Yajna-Dean-Shuchi-150x150A little later our head priest, Samtosh, showed me the silver murti of Durga he brought for our ceremonies – how auspicious that I had just told her story!

From 9 am to 12:30, Dean and Shuchi (Sue) Cilley served as our hands and hearts in the succession of ceremonies invoking Ganesha, Varuna and Durga in a three-fold form (Tripura Sundari). Flowers, candle flames, water being poured and mantras resounding in the 40’ tall dome made it impossible for most people to keep their eyes open for long.

The fire took up all afternoon, with hours of ever changing chants and offerings being poured into the fire. Now no one could close their eyes! The flames are so different from any campfire or fireplace you’ve seen – truly the light of divinity and the spark of life.

We ended the night with another ancient myth, the story of Saraswati carrying the flames of the Vedic tradition on her watery waves, all the way to the sea…

Today, Sunday, we have the Ganeshpuri Music School performance and then we get ready for our early Monday a.m. departure – on to the Kumbha Mela!

Street Presence. Posted on February 15, 2013 by Ashram

by Sharada (JenMarie) Macdonald

It’s offical! The new signs for Downingtown Yoga Meditation Center are up! While we have held several satsangs, Shri Guru Gitas, yoga classes and a Shaktipat retreat since moving to the space in January, we now have “street presence.”

Kashi-SignsThe studio is well-positioned; the main stoplight in the middle of town is very close, so cars stop right in front of our main window while the light’s red. In fact, yesterday, I caught one stopped driver hanging out her window reading our new sign and mouthing the name of the studio. She paused on “meditation” and eagerly nodded her head to herself. She then glanced in the main window and saw me smiling at her. She instantly broke into a huge grin and peals of laughter. We both did! Still beaming, she raised her arms wide as if to offer her enthusiasm, brought them together into anjali mudra and bowed. I returned the gesture. The light turned green, and she drove away waving her arm, joyful and ecstatic.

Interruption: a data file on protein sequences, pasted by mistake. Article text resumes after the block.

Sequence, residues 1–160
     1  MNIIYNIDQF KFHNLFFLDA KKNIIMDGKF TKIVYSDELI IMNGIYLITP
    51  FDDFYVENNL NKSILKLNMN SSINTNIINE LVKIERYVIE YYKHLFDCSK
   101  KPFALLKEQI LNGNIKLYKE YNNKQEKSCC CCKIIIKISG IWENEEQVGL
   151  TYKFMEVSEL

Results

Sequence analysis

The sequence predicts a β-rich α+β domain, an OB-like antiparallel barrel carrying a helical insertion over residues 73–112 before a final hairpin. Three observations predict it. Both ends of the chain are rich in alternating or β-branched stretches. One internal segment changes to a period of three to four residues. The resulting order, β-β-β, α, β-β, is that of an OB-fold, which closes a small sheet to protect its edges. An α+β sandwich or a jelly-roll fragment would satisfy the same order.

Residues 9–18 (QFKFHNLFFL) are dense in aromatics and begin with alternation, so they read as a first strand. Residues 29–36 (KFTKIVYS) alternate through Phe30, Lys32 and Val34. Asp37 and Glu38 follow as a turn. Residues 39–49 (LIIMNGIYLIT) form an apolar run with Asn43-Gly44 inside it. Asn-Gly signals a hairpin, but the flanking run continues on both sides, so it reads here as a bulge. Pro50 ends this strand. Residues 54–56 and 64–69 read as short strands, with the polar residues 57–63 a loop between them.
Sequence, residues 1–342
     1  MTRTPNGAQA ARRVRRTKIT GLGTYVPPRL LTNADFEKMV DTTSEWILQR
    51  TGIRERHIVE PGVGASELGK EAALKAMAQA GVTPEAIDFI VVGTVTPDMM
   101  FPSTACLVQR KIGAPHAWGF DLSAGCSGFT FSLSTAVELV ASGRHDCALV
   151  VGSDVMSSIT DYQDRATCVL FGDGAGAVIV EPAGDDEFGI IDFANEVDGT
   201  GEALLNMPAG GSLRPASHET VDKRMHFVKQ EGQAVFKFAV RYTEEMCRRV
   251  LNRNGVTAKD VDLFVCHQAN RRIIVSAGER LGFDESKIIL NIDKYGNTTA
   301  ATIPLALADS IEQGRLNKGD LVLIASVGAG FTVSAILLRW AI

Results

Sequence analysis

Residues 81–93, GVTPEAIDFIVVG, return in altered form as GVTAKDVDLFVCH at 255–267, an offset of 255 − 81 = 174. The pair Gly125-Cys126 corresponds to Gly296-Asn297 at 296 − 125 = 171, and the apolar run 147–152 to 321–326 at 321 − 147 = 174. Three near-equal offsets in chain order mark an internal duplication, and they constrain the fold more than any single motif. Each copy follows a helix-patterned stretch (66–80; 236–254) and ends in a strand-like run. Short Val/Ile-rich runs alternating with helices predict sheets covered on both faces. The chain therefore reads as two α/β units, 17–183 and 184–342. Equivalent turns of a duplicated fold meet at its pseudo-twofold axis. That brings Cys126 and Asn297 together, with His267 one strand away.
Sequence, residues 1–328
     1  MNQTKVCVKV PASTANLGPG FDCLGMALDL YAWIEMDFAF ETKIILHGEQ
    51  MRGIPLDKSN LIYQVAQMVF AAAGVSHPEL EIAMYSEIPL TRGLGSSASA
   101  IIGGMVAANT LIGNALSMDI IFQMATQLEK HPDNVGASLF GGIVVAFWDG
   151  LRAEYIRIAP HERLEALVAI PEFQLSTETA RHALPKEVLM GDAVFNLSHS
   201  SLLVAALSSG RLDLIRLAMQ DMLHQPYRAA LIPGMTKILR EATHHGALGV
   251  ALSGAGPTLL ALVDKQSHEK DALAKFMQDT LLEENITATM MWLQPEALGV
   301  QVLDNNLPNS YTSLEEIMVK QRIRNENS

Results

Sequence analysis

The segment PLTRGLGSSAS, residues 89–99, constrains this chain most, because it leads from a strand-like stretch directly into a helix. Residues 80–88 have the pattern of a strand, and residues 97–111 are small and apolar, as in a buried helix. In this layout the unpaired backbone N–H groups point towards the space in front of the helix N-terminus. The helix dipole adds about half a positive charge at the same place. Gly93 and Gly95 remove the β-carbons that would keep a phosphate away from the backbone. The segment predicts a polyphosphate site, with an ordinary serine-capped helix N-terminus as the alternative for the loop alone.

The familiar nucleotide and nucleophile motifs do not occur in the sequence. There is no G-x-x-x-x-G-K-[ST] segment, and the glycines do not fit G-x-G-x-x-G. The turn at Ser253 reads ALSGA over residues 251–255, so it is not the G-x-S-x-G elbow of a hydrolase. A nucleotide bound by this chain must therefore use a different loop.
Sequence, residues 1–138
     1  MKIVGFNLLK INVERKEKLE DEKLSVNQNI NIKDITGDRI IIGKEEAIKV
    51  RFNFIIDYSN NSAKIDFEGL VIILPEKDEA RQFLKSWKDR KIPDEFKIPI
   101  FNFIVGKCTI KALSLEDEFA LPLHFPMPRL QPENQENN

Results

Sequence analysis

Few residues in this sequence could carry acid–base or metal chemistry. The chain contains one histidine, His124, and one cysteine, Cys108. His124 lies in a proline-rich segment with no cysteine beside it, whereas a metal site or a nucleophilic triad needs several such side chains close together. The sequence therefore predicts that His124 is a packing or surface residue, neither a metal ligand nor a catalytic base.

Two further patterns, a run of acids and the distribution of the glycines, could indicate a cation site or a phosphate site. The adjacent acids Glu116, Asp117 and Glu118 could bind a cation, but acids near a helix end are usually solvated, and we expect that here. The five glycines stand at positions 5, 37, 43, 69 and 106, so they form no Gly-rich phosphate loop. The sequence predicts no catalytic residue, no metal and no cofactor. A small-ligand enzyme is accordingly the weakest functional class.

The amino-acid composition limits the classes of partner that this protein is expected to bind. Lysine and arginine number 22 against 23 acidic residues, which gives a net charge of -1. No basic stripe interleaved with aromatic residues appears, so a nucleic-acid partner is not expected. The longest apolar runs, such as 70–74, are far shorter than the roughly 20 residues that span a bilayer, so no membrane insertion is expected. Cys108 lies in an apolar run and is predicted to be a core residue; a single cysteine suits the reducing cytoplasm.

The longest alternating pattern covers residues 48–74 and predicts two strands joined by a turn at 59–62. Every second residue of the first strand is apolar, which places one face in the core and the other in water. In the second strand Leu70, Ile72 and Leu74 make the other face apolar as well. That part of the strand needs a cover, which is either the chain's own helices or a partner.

I’m looking forward to meeting her at satsang!

And if you haven’t had a chance to make it to Downingtown Yoga Meditation Center, or Kashi, as we affectionately call it, you can virtually tour it below:

Kashi-Signs-150x150 Kashi5-150x150 Kashi3-e1360958219601-150x150 Kashi_puja-150x150 Kashi-e1360958254483-150x150 Kashi2-e1360958306316-150x150 Nityananda-150x150 Kashi4-e1360958187155-150x150 Muktananda_Kashi-150x150

Valentine’s Day in Ganeshpuri. Posted on February 14, 2013 by Swamiji

by Swami Nirmalananda

A special day, today is not only Valentine’s Day, but also Ganesha’s birthday, Saraswati’s day and (Most Important) the anniversary of Nityananda’s enlivened murti installation over 50 years ago. It is the birthday of the murti!

The extra-special abhishek this morning included many more Brahmins with Vedic chanting continuing much longer than usual, an extra-long bathing routine and a sweet invitation to a swami (me) to come forward and help. Returning to Fire Mountain Ashram for breakfast, several yogis told me they were meditating during the abhishek and something prompted them to open their eyes — only to see me standing on the stool behind Bhagavan’s head, pouring water on his golden form. A great surprise for all of us!

We have begun a period of silence this evening, 24 hours of “functional silence” where people can say please and thank you, ask for help and (especially) repeat OM Nama.h “Sivaaya aloud! It’s time to cool everyone’s overheated brains. Dinner in the garden, with colored lights strung from the trees, with everyone sitting in a companionable silence.

Tomorrow I’ve asked them all to meditate more. You can too…